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Neuroimage. 2007 Nov 1;38(2):271-9. Epub 2007 Aug 15.

Multiparametric magnetic resonance imaging analysis of the corticospinal tract in multiple sclerosis.

Author information

1
Department of Neurology, Johns Hopkins University, 600 N Wolfe St, Baltimore, MD 21287, USA. reichd@jhmi.edu

Abstract

BACKGROUND/PURPOSE:

Muscle weakness is an important feature of multiple sclerosis and is responsible for much of the disability associated with that condition. Here, we describe the quantitative magnetic resonance imaging (MRI) attributes of the major intracerebral motor pathway--the corticospinal tract--in multiple sclerosis. To do so, we develop an intuitive method for creating and displaying spatially normalized tract-specific imaging data.

METHODS:

In 75 individuals with multiple sclerosis and 29 healthy controls, the corticospinal tracts were reconstructed from diffusion tensor imaging at 3 T. Multiple MRI indices--T2 relaxation time; fractional anisotropy; mean, longitudinal, and transverse diffusivity; and magnetization transfer ratio--were examined within the reconstructed tracts. Spatially normalized tract profiles were created to compare, across subjects, the variation in MRI index as a function of tract position.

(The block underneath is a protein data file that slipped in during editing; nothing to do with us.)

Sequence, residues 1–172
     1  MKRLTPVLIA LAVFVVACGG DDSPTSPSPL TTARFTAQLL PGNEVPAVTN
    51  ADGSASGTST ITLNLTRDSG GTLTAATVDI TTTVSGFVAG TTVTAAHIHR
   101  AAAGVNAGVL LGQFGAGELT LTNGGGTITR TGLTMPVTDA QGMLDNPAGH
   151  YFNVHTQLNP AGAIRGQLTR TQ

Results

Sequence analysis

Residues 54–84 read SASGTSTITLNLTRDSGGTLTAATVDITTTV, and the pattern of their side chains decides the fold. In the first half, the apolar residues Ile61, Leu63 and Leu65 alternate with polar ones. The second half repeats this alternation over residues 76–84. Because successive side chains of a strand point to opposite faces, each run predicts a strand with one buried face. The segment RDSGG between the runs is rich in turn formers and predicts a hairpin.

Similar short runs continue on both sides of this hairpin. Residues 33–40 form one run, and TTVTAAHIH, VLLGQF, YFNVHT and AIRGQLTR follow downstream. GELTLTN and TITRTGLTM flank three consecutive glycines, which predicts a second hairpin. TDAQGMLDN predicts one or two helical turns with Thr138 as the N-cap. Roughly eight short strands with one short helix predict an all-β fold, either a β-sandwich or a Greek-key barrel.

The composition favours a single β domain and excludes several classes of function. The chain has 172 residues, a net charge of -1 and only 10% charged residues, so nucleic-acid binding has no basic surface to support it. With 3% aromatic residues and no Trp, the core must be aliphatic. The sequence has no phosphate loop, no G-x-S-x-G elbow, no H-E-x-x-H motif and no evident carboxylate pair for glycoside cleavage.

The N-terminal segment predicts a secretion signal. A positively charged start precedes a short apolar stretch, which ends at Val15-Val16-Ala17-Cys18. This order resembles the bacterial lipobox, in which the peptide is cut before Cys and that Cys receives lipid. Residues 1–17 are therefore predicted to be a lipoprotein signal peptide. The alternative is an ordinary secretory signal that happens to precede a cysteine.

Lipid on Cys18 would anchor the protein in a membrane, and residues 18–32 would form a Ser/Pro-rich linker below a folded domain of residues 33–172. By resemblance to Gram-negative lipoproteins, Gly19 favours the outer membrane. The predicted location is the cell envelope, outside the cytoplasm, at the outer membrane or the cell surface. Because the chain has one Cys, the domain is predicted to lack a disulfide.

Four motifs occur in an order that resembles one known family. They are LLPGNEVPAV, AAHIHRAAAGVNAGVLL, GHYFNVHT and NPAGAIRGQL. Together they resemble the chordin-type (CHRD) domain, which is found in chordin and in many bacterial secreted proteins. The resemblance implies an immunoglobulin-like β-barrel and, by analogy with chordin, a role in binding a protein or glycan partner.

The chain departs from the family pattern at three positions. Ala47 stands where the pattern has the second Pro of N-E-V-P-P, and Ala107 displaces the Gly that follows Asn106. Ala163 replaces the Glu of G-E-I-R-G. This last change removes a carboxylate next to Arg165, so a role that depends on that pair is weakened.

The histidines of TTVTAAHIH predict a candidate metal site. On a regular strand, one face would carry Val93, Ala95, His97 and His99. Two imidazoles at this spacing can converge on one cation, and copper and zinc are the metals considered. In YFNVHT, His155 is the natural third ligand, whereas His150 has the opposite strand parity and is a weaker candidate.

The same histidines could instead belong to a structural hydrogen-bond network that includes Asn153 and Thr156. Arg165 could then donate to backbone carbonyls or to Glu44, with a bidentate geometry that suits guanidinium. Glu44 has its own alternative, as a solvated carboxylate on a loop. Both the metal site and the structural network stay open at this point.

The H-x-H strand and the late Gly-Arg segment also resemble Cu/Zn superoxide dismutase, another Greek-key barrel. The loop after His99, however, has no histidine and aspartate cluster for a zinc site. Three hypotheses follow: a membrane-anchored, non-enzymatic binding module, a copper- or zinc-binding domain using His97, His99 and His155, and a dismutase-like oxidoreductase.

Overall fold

RESULTS:

Each index's tract profile had a characteristic shape. Individual subjects had markedly abnormal tract profiles, particularly at lesion sites. On average, tract profiles were different between patients and controls, particularly in the subcortical white matter and corona radiata, for all indices examined except for fractional anisotropy. Magnetization transfer ratio was further decreased in subjects with secondary progressive disease. Tract asymmetry was increased in multiple sclerosis compared to controls.

CONCLUSION:

Multiparametric MRI allows rapid detection, localization, and characterization of tract-specific abnormalities in multiple sclerosis. Tract profiles bridge the gap between whole-brain imaging of neurological disease and the interrogation of individual, functionally relevant subsystems.

PMID:
17870615
PMCID:
PMC2082136
DOI:
10.1016/j.neuroimage.2007.07.049
[Indexed for MEDLINE]
Free PMC Article

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